Federal Aviation Administration acting administrator Billy Nolen told industry leaders on Tuesday that there needs to be a new goal of eliminating close calls in the U.S. aviation system.
During the annual InfoShare meeting in Baltimore, Maryland, Nolen said the industry has reduced the risk of fatalities in U.S. commercial aviation by 95% over the past 25 years.
However, "it’s no longer good enough to say that zero is the only acceptable number for fatal accidents," Nolen said. "Going forward, zero has to be the only acceptable number for serious incidents and close calls."
The comments come as government officials continue to investigate the string of close calls that unfolded since January. Nolen announced in February that he was forming a safety review team to look into the aviation system following the repeated close calls, including incidents involving aircraft at John F. Kennedy Airport in New York, in Austin, Texas, and off the coast of Hawaii.
Nolen said there are various "new and different stressors affecting the system" currently. Although air travel is coming back in a big way, Nolen said the "long layoff, coupled with the increased technical nature of our systems, might have caused some professionals to lose some of that muscle memory."
Additionally, he said the system is contending with the loss of experience given that the pandemic forced many seasoned professionals into retirement early.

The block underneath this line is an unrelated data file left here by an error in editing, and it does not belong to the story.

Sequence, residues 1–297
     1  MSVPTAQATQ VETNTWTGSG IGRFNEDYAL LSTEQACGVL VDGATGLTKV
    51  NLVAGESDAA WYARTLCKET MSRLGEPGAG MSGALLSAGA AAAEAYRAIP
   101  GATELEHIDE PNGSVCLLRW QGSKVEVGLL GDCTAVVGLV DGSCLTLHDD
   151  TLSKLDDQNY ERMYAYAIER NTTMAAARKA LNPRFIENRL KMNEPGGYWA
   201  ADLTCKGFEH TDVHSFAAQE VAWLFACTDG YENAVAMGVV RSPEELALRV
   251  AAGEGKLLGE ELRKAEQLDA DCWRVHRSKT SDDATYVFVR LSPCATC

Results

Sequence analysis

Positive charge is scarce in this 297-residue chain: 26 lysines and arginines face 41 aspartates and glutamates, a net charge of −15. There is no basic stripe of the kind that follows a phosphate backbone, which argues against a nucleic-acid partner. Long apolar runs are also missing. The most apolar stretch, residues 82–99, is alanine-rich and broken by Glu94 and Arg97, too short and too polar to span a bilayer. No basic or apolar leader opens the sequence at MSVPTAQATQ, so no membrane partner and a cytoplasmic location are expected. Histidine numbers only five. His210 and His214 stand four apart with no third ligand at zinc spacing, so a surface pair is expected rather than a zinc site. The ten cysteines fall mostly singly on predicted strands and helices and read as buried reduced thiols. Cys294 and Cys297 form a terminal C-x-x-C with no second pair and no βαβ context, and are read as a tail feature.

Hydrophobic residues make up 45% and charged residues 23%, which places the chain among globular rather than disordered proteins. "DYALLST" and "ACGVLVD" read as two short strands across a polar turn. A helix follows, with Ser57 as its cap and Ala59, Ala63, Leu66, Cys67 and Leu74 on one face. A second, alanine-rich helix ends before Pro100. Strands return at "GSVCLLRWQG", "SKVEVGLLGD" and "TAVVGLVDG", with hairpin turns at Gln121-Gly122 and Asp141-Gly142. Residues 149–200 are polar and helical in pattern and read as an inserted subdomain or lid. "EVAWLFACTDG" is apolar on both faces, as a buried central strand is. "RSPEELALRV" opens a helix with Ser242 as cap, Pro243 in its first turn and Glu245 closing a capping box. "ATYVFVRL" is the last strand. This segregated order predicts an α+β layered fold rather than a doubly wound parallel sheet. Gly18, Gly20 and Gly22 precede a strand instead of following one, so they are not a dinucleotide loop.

To help make the system even safer, Nolen said more types of data need to be shared, in greater amounts and at a faster rate than ever before, so the aviation community can "become predictive, not just preventive."
"When we can access safety data in real-time, and access multiple sets of data, we have a more accurate picture of how safe the system actually is," he said.
Currently, "when the safety data gets through all of the gatekeepers, it could be weeks before the system knows about it. By that time, the risk picture could have changed," Nolen added.
He also stressed that everyone in the industry must be engaged in this effort and to keep in mind that "people who can help us the most, may not be in our industry."
Nolen, a pilot who has held safety jobs at three airlines and the FAA, issued such recommendations during a safety summit earlier this month.
Aside from trying to reassure Americans that air travel is safe despite a surge in close calls between planes this year, the agency is also struggling with aging technology that failed in January, briefly canceling all takeoffs around the country.
"Our goal must be to build an aerospace system that is so resilient, that heroic intervention is almost never necessary," Nolen added.
The Associated Press contributed to this report.